This week’s episode of Fear the Walking Dead served as a Zombie Apocalypse 101 course…and the characters NEEDED that. They collectively had aha moments about scavenging, self-defense, and even camouflage techniques that we know to be pertinent for survival. But what else changed? Our friend Dalton Ross from Entertainment Weekly sat down with Fear Executive Producer David Erickson to break down how this episode altered the course of the series from here on out:
ENTERTAINMENT WEEKLY: Let’s start by talking about the Flight 462 connection. Flight 462 was shown in these very short installments online and during ad breaks and we were told someone from there was going to end up here. But it was more than that as we have an entire episode geared around the Flight 462 plane crash and the kids investigating that. How did this come about? Was the Flight 462 idea brought to you and you decided how to integrate it, or had you had the idea for the plane crash and then the Flight 462 installments came out of that?
DAVE ERICKSON: It really started with AMC. I think the desire was, since we only had a six-episode order for season 1, it was to do a narrative that would carry us through season 6 of The Walking Dead so that people would stay engaged in Fear throughout our long hiatus. So it started from that, and then it was actually Lauren Signorino and Mike Zunic, who are my assistant and our writer’s assistant on the show — they were the ones that wrote the interstitials. They were supervised by David Wiener, who is our co-EP.
And then they developed the story. They developed the idea, and then the goal was to find a way to integrate that with the show at large. One of the cool things right now is you can do multi-platform storytelling. Whether it’s a webisode that links to the main show or a video — all of that stuff is really intriguing to me. So it really started as a means by which we could keep Fear alive over the hiatus and then develop it into something we could integrate into the heart of the show.
EW: We have a kids revolt at one point as they want to go check out the plane supplies. The parents say no, but then the younger generation says that they’re not asking permission with Alicia telling them, “Stop putting us at the kids’ table.” I guess it’s important to remember that while they are “the kids,” they’re older than Carl Grimes was in the other Walking Dead show. They can be capable, right?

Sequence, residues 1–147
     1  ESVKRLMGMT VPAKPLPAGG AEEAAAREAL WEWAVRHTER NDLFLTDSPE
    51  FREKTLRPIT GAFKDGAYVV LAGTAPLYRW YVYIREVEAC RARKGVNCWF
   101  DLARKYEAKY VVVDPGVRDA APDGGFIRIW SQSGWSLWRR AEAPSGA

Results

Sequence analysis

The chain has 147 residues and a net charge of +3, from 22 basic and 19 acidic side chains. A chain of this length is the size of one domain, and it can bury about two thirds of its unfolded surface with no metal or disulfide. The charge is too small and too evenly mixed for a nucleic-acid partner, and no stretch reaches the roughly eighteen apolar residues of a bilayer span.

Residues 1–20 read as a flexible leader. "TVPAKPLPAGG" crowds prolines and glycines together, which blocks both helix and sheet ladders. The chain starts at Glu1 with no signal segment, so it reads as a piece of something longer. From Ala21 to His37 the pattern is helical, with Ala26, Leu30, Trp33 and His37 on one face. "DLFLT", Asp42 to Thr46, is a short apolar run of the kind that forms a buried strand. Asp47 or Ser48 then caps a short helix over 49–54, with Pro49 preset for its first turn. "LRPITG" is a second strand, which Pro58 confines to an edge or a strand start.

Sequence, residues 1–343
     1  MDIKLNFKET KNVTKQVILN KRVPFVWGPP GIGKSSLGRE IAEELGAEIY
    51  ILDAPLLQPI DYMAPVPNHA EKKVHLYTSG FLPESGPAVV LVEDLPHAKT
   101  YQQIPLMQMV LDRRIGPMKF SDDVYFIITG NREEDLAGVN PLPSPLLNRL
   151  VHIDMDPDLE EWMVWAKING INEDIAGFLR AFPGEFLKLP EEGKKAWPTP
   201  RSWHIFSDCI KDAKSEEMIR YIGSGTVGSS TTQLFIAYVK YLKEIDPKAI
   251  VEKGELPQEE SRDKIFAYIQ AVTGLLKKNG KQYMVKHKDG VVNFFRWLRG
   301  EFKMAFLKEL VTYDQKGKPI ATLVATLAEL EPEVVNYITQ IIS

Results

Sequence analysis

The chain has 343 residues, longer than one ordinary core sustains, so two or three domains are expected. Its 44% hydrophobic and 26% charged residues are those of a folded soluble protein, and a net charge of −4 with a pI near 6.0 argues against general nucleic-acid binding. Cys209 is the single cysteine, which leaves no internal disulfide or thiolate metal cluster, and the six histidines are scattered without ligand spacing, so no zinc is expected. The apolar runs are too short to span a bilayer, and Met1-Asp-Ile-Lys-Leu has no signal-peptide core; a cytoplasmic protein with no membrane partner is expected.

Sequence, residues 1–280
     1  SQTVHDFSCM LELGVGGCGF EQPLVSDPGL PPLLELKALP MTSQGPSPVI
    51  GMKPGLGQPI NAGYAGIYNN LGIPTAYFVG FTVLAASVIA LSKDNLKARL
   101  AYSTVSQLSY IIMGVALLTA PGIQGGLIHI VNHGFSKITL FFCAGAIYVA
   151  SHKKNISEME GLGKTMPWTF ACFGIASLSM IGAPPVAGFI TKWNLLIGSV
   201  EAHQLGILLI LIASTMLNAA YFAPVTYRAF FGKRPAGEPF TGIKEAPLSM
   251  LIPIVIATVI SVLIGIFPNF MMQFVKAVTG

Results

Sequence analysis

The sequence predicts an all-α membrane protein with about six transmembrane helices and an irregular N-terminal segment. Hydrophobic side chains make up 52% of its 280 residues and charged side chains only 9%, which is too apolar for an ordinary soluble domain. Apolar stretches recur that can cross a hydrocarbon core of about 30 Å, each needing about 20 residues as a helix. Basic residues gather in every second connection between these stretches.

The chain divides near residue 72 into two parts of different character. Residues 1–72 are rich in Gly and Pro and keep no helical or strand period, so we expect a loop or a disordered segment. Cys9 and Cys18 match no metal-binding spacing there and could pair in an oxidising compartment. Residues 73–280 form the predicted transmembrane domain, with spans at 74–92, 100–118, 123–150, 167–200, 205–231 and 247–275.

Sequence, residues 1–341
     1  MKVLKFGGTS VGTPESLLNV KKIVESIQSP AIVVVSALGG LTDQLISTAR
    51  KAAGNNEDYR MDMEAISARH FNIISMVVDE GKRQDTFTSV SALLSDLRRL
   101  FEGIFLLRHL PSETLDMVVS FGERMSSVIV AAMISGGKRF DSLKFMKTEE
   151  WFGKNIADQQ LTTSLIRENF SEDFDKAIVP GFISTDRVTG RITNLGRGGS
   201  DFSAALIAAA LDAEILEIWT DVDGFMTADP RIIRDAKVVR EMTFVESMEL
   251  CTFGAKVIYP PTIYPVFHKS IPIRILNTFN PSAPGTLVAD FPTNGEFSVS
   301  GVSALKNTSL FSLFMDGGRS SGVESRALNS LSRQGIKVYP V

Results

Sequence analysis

DE: They absolutely can. One of the things that’s interesting to me about Alicia, and Chris, and Nick specifically, is that we’re trying to tell a coming of age story in a world where no one really comes of age anymore. And the great thing about this episode is that you get to see the beginnings of that for each of them. For Nick, he ultimately has a close encounter with the dead, and it starts to change his perspective on the infected.
Chris has a traumatic experience — not just with the dead, but with the living once they go to land. And then for Alicia, it’s the first time she kills. It’s the first time she’s confronted with the dead, and has to defend herself and defend her family, and she’s not terrible at it for her first go-around. But I think for all three of them this is really a catalyst for what’s to come over the rest of the season.
EW: Well, let’s talk about a few of those a little more in depth, and let’s start with Chris, who is being such a teenager here, as he goes off on his own and starts talking smack to zombies on the plane. But then things get pretty real and he has to kill someone who is begging Chris to put him out of his misery. What is this event going to do to Chris going forward?